3. 1.3 (of a negative feeling or idea) take hold of or be communicated to (someone)
      ‘the panic in his voice infected her’
      • ‘The house was big, not as big as the one that had just infected her with a bad case of money envy, but still big.’
      • ‘He is out to remove the spectator from his normal or appropriate perceptual field, and in doing so to infect him with his own personal doubts.’
      • ‘Maybe her arguments are so stunning that, were I to make the effort, I would realise that I have been deluding myself and the Yanks really are the poison which infects an otherwise carefree world.’
      • ‘For this is the poison that has infected British society, and now seems to circulate in the very air we breathe.’
      • ‘Because they are Christians who believe in creationism, and the literal truth of the Bible, they are, it seems, unfit to teach children, lest they infect them with their foul ideas.’
      • ‘Clearly, unadulterated bias contaminates many stories and can even infect the entire Washington press corps from time to time.’
      • ‘Apparently it's Christmas, but the spirit has not infected me as of yet.’
      • ‘This is how this type of misinformation spreads throughout the Air Force and infects every level with a plague of bad practices that are perpetuated internally.’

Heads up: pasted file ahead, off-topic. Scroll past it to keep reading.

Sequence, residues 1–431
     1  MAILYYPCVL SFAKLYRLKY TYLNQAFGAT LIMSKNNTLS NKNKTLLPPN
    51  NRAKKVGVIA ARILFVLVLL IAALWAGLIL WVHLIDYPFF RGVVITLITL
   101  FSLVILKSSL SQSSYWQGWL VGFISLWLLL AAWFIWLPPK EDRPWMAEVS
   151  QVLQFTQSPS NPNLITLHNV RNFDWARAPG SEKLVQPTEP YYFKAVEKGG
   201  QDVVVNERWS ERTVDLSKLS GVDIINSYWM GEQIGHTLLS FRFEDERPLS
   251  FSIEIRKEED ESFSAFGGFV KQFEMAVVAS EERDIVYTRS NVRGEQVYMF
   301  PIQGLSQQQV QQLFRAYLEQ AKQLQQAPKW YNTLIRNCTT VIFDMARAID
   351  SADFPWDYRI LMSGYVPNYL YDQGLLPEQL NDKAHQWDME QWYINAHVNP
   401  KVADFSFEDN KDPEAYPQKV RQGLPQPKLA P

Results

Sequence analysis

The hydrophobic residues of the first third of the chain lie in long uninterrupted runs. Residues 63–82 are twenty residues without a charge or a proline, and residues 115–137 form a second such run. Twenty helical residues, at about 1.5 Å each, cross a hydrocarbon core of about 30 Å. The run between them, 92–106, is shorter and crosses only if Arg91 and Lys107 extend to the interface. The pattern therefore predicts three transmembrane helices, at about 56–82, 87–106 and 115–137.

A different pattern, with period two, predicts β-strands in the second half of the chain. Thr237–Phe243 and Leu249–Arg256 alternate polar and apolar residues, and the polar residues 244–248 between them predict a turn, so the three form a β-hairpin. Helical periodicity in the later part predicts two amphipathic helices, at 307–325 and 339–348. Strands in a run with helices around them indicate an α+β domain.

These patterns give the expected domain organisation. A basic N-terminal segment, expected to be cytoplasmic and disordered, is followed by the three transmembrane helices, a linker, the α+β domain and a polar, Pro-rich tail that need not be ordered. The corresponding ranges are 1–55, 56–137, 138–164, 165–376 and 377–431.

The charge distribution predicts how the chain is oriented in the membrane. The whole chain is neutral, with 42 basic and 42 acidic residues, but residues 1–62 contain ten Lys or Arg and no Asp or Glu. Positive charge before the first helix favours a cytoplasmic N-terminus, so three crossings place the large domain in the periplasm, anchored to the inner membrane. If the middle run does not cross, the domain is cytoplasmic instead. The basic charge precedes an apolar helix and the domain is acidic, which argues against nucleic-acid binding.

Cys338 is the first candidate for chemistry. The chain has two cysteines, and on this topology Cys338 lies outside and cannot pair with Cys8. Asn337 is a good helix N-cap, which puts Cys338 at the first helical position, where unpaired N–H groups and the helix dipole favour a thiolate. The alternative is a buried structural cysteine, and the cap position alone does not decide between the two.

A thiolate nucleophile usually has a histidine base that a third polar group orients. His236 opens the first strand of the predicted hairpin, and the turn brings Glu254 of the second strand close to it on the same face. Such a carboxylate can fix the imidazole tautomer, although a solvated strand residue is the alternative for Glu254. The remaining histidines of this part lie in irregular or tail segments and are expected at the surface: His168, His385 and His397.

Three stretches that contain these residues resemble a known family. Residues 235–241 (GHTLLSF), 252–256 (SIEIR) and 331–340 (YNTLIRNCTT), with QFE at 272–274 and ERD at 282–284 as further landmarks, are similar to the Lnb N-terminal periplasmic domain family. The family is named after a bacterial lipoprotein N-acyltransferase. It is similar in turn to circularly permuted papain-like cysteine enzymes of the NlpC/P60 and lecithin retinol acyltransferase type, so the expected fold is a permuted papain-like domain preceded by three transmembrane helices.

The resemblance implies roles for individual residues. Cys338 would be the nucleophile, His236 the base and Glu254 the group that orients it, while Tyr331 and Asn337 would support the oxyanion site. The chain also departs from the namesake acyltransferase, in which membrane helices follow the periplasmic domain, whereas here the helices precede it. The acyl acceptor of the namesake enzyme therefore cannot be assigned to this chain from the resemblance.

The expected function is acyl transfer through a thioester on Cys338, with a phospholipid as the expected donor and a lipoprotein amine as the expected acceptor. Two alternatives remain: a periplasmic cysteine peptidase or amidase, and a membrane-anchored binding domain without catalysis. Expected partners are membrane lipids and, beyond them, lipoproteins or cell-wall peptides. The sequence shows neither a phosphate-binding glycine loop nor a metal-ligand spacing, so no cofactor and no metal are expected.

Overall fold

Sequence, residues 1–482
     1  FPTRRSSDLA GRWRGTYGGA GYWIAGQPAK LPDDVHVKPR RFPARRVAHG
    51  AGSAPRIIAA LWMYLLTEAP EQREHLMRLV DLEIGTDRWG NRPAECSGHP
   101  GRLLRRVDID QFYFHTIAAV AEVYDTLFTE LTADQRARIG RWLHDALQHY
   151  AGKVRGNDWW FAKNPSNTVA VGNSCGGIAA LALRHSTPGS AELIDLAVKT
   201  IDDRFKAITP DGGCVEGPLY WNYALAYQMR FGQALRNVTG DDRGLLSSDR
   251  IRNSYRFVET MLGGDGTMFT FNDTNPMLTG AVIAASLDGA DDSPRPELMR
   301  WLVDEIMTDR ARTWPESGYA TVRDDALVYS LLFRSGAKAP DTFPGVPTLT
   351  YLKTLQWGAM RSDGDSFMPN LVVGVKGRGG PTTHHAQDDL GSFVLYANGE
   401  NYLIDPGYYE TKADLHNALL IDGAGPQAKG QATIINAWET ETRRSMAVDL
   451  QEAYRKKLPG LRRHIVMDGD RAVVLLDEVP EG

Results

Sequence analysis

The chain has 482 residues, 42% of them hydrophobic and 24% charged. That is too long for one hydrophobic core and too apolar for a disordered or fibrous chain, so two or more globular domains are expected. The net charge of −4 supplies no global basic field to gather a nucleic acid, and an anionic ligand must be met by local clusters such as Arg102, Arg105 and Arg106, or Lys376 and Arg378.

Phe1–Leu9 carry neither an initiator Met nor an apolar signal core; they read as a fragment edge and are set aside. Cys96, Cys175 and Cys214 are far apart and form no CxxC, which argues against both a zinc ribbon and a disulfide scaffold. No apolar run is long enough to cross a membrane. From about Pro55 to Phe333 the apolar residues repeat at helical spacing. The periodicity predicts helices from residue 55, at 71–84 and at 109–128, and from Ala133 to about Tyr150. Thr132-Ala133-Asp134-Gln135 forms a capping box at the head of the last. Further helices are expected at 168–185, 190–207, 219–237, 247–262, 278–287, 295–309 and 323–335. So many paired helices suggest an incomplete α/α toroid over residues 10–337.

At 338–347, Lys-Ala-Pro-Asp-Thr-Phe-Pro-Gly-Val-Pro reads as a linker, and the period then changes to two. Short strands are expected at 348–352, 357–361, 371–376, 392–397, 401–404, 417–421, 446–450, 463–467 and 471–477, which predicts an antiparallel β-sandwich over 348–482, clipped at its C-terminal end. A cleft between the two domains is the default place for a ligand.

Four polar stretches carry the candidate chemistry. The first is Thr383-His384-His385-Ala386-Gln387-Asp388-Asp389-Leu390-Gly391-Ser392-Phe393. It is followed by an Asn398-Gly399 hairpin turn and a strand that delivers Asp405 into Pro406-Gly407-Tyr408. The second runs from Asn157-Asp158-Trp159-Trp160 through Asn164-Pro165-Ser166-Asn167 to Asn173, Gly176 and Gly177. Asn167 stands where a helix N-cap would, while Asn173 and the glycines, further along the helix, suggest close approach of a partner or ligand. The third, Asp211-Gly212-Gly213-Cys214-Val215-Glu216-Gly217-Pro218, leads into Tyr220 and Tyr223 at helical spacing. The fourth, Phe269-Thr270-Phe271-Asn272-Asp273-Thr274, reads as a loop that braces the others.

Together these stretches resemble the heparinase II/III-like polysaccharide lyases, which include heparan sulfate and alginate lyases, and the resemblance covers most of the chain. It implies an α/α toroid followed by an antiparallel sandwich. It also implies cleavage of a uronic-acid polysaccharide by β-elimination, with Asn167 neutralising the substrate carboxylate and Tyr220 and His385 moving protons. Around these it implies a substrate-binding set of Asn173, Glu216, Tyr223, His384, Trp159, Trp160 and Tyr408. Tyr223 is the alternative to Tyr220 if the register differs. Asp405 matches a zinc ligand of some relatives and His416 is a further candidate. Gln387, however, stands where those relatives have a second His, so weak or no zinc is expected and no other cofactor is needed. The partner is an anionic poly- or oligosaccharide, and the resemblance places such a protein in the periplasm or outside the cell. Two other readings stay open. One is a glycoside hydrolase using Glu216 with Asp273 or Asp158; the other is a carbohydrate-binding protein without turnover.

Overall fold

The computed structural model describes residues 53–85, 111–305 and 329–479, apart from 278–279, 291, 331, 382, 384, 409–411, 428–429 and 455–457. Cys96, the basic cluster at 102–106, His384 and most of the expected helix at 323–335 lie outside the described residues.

• ‘Instead, recent events have acted as a catalyst for the crisis of confidence and belief infecting the West, throwing into relief Western elites' inability to stand up for basic values like universalism and democracy.’
      • ‘In my view those Missionaries infected us with the reading bug.’
      • ‘Here the agent's action is infected, poisoned by racial hatred.’
      • ‘It infects relationships with poisonous impulses.’
      • ‘Tom's words were infecting us all with fear and doubt.’
      • ‘It's boring and this sense of laziness infects me until I can barely move at all.’
      • ‘But to be infected by the biases of survivors is to be poisoned as a historian.’
      • ‘Because an atmosphere of lies like that infects and poisons the whole life of a home.’
      • ‘This sort of insanity had infected me when I first came to Kuwait.’
      • ‘I notice the bewilderment in their eyes, and it infects me: Why, exactly, should anyone get so worked up about a piece of ice?’
      • ‘It's a tendency that infects anybody that mistakes the Faith for an ideology (of which, more later).’
      • ‘Forget postmodernism, the emergent church may be infecting us with a real evil.’
      affect, have an effect on, influence, have an impact on, impact on, touch, take hold of
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Origin

Late Middle English: from Latin infect- ‘tainted’, from the verb inficere, from in- ‘into’ + facere ‘put, do’.

Pronunciation

infect

/ɪnˈfɛkt//inˈfekt/